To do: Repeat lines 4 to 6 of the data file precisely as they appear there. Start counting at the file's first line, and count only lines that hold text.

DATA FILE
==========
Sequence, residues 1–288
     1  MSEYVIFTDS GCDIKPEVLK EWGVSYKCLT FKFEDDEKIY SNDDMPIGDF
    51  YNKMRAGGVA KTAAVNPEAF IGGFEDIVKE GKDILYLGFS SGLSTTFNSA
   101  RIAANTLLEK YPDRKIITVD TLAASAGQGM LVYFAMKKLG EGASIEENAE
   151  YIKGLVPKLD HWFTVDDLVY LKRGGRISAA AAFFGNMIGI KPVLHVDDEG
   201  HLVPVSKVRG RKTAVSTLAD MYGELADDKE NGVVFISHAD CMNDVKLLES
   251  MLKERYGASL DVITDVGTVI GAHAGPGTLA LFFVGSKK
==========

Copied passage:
   101  RIAANTLLEK YPDRKIITVD TLAASAGQGM LVYFAMKKLG EGASIEENAE
   151  YIKGLVPKLD HWFTVDDLVY LKRGGRISAA AAFFGNMIGI KPVLHVDDEG
   201  HLVPVSKVRG RKTAVSTLAD MYGELADDKE NGVVFISHAD CMNDVKLLES